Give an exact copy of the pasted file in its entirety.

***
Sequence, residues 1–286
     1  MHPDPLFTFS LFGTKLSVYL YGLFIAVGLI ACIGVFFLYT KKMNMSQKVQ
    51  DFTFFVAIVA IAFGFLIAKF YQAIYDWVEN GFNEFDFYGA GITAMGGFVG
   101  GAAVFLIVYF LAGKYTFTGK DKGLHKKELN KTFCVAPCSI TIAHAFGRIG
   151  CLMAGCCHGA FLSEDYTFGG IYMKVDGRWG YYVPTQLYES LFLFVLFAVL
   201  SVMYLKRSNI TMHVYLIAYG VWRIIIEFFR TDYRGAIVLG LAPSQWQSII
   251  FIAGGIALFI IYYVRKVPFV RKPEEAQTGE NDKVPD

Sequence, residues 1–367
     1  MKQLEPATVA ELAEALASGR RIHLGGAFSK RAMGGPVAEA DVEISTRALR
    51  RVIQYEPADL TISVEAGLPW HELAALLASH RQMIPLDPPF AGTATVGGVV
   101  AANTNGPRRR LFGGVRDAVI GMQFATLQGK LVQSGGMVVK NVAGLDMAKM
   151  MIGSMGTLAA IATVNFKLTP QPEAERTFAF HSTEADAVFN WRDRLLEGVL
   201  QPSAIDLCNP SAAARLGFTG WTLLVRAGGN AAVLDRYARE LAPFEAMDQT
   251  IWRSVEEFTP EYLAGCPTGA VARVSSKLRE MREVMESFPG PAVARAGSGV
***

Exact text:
Sequence, residues 1–286
     1  MHPDPLFTFS LFGTKLSVYL YGLFIAVGLI ACIGVFFLYT KKMNMSQKVQ
    51  DFTFFVAIVA IAFGFLIAKF YQAIYDWVEN GFNEFDFYGA GITAMGGFVG
   101  GAAVFLIVYF LAGKYTFTGK DKGLHKKELN KTFCVAPCSI TIAHAFGRIG
   151  CLMAGCCHGA FLSEDYTFGG IYMKVDGRWG YYVPTQLYES LFLFVLFAVL
   201  SVMYLKRSNI TMHVYLIAYG VWRIIIEFFR TDYRGAIVLG LAPSQWQSII
   251  FIAGGIALFI IYYVRKVPFV RKPEEAQTGE NDKVPD

Sequence, residues 1–367
     1  MKQLEPATVA ELAEALASGR RIHLGGAFSK RAMGGPVAEA DVEISTRALR
    51  RVIQYEPADL TISVEAGLPW HELAALLASH RQMIPLDPPF AGTATVGGVV
   101  AANTNGPRRR LFGGVRDAVI GMQFATLQGK LVQSGGMVVK NVAGLDMAKM
   151  MIGSMGTLAA IATVNFKLTP QPEAERTFAF HSTEADAVFN WRDRLLEGVL
   201  QPSAIDLCNP SAAARLGFTG WTLLVRAGGN AAVLDRYARE LAPFEAMDQT
   251  IWRSVEEFTP EYLAGCPTGA VARVSSKLRE MREVMESFPG PAVARAGSGV